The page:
Known as ‘stage fright’ in the common tongue, performance anxiety is a condition shared by millions worldwide. In fact, it can strike anyone, anywhere; from seasoned professionals to novice speakers.
If left, unmanaged, however, performance anxiety can greatly impair your self-esteem and self-confidence, and your social life and career, as a result. So, whether you’re giving a class presentation or a public speech, here are some useful tips for coping with performance anxiety:
1-Normalize and De-perfectionize:
Our biggest mistake is stigmatizing performance anxiety as a condition that needs to be ‘fixed’. So, the first step is to accept your anxiety, and everything else it embodies, i.e. your fears and insecurities, as a part of you.
You do not need to be perfect, or prove yourself to others. Things don’t always go as planned, but that doesn’t mean the end; only a slight pause.
You are less likely to freeze (anyone’s worst public nightmare), if you know your material inside-out. Moreover, frequently practicing your content, speech, lyrics, dance routine, etc., help build that much-needed confidence to combat the anxiety when it happens.
Practice in front of your friends and/or family to get constructive feedback, or make an audio or video recording of yourself during solo practice to improve and solidify the routine.
Another helpful tip is familiarizing yourself with the venue. Practice there, if possible, or go early on D-day to increase your exposure and minimize the anxiety.
3-Think Your Worst:
This may seem counterintuitive, but try facing your anxiety head-on, instead of fruitlessly controlling it from the shadows. Visualize going through everything that can go wrong with your performance. Now take each individual event, and imagine the different ways that you can cope with it.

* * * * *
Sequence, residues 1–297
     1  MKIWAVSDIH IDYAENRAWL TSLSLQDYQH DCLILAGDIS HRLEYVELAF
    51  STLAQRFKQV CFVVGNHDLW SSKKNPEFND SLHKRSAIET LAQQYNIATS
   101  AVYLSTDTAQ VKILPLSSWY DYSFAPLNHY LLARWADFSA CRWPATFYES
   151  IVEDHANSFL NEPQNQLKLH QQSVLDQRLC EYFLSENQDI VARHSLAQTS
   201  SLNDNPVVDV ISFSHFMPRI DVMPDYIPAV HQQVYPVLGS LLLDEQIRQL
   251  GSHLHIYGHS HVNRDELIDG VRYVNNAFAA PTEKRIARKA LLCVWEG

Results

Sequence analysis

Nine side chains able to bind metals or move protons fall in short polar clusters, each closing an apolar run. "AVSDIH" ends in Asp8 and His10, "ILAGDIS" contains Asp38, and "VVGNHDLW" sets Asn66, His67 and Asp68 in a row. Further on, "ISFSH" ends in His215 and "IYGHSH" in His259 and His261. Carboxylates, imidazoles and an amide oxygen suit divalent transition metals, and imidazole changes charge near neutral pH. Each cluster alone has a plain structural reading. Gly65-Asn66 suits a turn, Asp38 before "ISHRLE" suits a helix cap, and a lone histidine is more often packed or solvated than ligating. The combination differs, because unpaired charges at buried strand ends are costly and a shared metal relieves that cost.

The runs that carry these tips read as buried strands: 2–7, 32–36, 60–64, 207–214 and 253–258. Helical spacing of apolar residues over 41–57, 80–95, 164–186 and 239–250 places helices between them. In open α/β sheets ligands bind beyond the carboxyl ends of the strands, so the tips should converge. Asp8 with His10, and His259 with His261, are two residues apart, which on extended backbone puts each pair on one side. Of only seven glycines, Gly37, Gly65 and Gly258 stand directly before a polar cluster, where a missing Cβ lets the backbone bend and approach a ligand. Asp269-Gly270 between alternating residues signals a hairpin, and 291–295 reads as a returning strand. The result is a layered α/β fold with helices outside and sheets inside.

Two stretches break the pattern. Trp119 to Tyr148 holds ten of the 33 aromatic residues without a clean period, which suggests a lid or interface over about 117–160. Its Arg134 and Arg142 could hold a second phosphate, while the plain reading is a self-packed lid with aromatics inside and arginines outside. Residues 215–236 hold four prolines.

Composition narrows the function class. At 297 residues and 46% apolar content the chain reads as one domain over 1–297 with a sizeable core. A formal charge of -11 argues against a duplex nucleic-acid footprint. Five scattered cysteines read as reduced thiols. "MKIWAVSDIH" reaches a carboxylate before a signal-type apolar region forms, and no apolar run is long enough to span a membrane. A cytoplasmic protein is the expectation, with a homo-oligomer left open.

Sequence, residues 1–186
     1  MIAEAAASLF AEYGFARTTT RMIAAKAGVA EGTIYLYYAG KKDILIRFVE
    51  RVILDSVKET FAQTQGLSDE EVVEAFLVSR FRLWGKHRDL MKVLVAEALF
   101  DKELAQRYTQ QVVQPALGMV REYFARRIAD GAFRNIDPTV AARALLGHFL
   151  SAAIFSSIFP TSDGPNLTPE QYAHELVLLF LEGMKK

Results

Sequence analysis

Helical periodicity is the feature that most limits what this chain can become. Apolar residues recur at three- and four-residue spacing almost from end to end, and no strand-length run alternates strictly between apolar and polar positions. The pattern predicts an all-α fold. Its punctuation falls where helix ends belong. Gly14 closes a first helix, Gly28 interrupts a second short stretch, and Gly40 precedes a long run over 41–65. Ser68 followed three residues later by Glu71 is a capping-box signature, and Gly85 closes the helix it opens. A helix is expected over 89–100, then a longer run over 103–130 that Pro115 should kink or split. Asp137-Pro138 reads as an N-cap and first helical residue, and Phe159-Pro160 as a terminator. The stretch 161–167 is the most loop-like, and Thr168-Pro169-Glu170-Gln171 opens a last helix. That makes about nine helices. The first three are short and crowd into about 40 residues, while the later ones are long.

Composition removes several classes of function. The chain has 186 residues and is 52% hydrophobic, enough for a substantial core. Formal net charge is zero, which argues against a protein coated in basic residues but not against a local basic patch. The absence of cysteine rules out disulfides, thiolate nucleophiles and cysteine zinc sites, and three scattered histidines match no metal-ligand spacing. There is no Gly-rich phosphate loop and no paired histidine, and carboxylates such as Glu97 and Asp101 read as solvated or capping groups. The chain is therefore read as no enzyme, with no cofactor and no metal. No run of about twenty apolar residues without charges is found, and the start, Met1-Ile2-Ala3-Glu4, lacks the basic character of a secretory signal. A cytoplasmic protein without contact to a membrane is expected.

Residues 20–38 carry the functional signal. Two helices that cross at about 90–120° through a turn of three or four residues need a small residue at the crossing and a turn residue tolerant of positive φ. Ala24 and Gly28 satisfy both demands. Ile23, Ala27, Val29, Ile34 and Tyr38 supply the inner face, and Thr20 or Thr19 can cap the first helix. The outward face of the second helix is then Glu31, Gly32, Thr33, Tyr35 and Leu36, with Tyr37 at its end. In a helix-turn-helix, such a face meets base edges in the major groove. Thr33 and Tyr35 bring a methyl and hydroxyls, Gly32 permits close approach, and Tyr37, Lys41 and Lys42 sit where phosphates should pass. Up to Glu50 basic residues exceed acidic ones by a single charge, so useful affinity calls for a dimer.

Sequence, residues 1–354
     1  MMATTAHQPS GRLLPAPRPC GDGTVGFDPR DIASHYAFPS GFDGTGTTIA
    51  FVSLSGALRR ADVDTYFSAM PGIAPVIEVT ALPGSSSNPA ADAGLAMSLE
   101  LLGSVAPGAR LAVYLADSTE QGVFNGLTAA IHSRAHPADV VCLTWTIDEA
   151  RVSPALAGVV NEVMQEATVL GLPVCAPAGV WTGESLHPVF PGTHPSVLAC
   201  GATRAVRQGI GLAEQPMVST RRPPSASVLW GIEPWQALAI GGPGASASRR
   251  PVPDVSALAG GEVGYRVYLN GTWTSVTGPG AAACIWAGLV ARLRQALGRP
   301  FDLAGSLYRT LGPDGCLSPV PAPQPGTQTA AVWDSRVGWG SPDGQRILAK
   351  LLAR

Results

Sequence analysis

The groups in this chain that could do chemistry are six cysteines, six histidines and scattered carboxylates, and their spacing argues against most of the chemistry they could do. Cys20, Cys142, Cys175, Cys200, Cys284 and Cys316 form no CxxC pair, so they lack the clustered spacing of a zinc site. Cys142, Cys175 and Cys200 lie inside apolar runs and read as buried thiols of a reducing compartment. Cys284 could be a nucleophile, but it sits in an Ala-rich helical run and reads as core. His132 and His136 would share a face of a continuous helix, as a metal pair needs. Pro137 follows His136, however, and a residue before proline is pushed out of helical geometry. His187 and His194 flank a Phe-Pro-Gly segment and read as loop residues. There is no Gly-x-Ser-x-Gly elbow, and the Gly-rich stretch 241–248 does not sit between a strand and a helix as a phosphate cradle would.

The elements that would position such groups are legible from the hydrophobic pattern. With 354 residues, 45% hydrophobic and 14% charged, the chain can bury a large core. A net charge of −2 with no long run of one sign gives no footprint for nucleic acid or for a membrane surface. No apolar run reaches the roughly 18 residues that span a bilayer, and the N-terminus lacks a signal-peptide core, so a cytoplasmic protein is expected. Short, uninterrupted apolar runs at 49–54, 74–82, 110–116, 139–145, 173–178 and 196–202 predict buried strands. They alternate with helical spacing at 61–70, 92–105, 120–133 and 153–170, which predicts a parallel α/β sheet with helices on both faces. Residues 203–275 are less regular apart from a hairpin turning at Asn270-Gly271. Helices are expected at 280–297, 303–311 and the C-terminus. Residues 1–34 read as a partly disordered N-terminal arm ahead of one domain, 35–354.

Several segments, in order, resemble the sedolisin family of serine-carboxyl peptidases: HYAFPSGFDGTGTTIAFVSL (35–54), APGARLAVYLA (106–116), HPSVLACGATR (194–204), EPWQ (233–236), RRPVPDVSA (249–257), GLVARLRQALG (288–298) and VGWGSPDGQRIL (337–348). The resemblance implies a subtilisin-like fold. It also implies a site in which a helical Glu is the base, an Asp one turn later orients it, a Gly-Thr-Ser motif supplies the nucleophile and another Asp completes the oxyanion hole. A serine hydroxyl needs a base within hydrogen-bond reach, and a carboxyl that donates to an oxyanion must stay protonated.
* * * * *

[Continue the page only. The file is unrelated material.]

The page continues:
This will help ‘mute’ the fears, while giving you a list of life-saving alternatives should these events actually occur.
Trying to calm down only suppresses the anxiety, and with no outlet to filter out, it rebounds even stronger than before. So instead, make yourself believe that your nervousness is actually excitement.
This will trick your brain into perceiving it as a happy event. It will also provide a constructive outlet for the nervousness, especially considering the similar physical responses of anxiety and excitement.
5-Visualize Your Success:
Fast-forward to imagining yourself successfully completing the performance, presentation, or interview, then moving on to things unrelated to the event. This could be something as banal as walking out of the venue and taking the route back home, or a social event independent of the current event’s outcome.
6-Decaf the Caffeine:
Avoid exacerbating your emotions, and refrain from taking anything sugary or caffeinated on the big day. However, going on an empty stomach isn’t the answer either. Instead, eat a small low-fat, complex -carbohydrate meal, such as soup, yogurt, whole-grain pasta, etc.
7-Connect to Your Audience:
Smile, and lightly laugh, as often as you can. Not only will this make you look approachable, but will also help you relax. As you enter the stage, give the crowd a visual sweep to make yourself appear confident, and look for familiar faces, or the ones that appear friendliest, and focus on them during your performance.
Also, be more inclusive while talking; instead of talking ‘at’ the audience, talk ‘to’ them.
Remember that stage fright usually only lasts for the first few minutes, and can be managed easily. However, if your performance anxiety worsens to point where it is affecting your social interactions, then perhaps some medical aid might do you good.
Consult your doctor, or book an appointment with a top Psychiatrist in Lahore, Karachi and Islamabad through oladoc.com, or call our helpline at 042-3890-0939 for assistance to find the RIGHT Doctor for your anxious concerns.